Creating laws is reserved for the Legislative branch, who allowed previous Net Neutrality rules to lapse almost a decade previous. In the past 13 months, the topic of Net Neutrality has not faded, as opponents had hoped. In fact, support for implementing the rules through the proper channels has grown, with drafts being written and passed around both houses of Congress.
This week, the first of these drafts was put up for a vote in the Senate. The Senate resolution took the easy route to a vote, simply creating a legal framework for the guidelines originally drafted within the FCC. The tact worked, as the Senate passed the resolution 52-47. Now the resolution will have to go through the House of Representatives, and finally be signed by President Trump.
There is a lot of money being spent in opposition lobbying, especially within the House. There is even a question as to whether the House will have the ability to call for a vote at all, so the resolution is far from being codified. There is a push within the House to force a vote, however, and House Democrats are hopeful they will be able to get it done. There is also question as to whether President Trump will sign or veto the resolution. If he vetoes, it is unlikely that Congress will get a 2/3 vote to override.
It will likely not be long before the votes are cast, as the guidelines officially expire within the FCC on June 11th. We'll continue to keep you posted on the reality of what is happening, as it happens.
It is no secret that Microsoft has been taking some wide swings lately with their product offerings. They've been looking to appeal to a wider range of customers, with products like Outlook for iPhone and Microsoft Pix, both of which are rated higher than Apple's included email client and camera app, respectively. They've even been enhancing their Cortana offerings, including the Harmon Kardon Invoke speaker, with
an Alexa partnership.
This week, Microsoft showed off 2 new products in the gaming space, which are also swings hoping to strike gold again. First is a newly designed
Xbox Adaptive Controller, designed specifically for accessible gaming. This large controller is similar in size to a fighting stick, but with a number of major differences. The most important is the removal of the traditional analog sticks, being replaced by large rocker plates. These plates are designed to be interacted with even if the player cannot open their hands, without sacrificing control capabilities. The directional pad and interface buttons are also greatly enlarged.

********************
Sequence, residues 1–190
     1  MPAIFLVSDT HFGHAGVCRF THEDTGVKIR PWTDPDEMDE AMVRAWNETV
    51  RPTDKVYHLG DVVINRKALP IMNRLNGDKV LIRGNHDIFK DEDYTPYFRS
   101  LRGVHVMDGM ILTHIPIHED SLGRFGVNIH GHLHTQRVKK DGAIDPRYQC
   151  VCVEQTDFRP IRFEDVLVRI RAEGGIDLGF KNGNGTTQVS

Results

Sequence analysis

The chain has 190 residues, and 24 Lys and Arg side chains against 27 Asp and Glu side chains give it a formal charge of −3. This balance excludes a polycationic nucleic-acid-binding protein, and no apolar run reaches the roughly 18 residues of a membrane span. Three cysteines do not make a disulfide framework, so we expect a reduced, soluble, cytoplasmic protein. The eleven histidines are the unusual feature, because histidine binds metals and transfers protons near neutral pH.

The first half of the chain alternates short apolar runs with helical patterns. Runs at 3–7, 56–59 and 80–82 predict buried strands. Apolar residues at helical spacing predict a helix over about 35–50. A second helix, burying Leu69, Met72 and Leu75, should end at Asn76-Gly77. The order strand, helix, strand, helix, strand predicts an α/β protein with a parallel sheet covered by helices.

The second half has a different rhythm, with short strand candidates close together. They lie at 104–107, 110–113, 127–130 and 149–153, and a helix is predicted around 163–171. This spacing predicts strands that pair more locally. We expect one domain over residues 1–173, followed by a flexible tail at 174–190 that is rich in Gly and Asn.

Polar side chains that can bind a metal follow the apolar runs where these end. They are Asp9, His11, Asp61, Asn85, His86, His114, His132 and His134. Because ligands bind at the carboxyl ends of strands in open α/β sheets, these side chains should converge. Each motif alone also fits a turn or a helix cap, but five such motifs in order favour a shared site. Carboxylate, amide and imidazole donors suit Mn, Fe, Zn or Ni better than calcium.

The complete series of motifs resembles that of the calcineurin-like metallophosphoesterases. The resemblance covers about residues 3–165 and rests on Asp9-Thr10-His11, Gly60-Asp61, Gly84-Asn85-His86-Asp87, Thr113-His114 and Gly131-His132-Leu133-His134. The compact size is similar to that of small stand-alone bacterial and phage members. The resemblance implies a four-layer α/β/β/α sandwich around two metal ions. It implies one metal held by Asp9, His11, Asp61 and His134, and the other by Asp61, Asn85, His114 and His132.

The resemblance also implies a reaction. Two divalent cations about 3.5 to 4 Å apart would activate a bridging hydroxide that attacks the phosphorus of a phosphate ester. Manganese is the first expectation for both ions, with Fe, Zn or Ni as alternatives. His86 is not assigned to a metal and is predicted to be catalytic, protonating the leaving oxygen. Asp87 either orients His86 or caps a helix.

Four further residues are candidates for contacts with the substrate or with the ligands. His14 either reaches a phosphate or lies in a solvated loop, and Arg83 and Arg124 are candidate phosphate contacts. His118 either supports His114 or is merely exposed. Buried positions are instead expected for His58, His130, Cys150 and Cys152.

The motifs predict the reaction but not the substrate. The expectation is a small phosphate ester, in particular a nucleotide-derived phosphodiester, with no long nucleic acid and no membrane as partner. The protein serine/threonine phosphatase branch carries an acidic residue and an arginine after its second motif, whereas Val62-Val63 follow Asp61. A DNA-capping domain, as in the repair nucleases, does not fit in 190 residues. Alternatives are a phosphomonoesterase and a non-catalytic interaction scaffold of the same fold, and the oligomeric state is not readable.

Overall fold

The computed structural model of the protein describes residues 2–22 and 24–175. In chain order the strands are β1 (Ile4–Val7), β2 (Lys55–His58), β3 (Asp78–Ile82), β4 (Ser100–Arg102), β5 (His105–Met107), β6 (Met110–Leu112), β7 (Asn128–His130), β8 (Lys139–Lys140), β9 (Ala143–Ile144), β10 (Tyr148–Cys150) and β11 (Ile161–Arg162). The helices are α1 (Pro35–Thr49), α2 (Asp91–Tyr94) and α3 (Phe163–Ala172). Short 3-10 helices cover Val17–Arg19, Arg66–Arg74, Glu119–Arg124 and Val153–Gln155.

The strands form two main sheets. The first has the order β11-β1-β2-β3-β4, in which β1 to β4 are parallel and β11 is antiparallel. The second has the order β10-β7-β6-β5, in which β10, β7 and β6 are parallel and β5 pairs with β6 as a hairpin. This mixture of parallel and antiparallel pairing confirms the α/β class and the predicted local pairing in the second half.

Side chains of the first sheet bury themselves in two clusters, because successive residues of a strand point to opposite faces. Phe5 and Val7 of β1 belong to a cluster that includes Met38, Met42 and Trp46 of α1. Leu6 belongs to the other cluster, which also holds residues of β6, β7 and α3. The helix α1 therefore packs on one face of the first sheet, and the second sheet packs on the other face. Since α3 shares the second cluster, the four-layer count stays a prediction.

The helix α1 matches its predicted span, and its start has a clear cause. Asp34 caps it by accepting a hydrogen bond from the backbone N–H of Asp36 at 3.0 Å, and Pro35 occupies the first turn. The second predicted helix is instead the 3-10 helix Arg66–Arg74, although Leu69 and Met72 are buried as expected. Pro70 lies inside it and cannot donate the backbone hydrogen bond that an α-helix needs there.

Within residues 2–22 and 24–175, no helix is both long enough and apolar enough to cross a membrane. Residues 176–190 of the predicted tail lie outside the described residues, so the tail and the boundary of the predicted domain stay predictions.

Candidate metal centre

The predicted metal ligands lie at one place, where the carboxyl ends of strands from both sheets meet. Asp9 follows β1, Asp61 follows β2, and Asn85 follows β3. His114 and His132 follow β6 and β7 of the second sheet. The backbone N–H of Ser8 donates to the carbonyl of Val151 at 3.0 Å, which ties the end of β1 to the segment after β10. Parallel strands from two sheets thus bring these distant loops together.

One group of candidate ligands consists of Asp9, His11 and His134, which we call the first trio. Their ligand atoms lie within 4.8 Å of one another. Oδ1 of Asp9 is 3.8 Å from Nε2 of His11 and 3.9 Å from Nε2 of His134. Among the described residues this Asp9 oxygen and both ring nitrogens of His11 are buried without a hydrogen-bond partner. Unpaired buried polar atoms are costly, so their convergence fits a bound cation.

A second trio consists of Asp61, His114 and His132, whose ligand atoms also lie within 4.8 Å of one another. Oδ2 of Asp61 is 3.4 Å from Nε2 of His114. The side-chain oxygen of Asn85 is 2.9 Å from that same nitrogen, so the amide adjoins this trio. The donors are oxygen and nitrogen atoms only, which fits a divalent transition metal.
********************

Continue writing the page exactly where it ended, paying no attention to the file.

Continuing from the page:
While all of that is fantastic, it doesn't yet touch on the adaptive aspect of the controller. That comes form the 19 1/8" jacks across the back of the controller. These jacks are not trying to make up for the lack of the headphone jack on the iPhone, but instead ports for the existing accessible gaming community. Many controller inputs, such as large joysticks/analog sticks, foot pedals and even air tubes, already exist to assist gamers with limited mobility. Microsoft wants to bring all of those accessories to the Xbox platform with the ease of an interface designed specifically for it.
Now, what if you're looking for a bigger, more public gaming experience? Microsoft's got you covered there, as well. The company has worked with their studio 343 Industries to produce
, a new game in the Halo franchise designed specifically for the arcade. In fact, they have designed an incredible, specialized arcade cabinet for the game. Halo: Fireteam Raven
The cabinet features 4-player capability, and a 130-inch 4K screen. Unlike a traditional Halo title, there is no splitscreen capabilities, with the game playing equally across the single screen for all players. Following a more traditional Halo theme, players will play as the ODST and will fight alongside Master Chief to defend Halo. The game plays somewhere between a traditional Halo game and a traditional arcade shooter, so it should appeal to both the arcade fan and the Halo fan.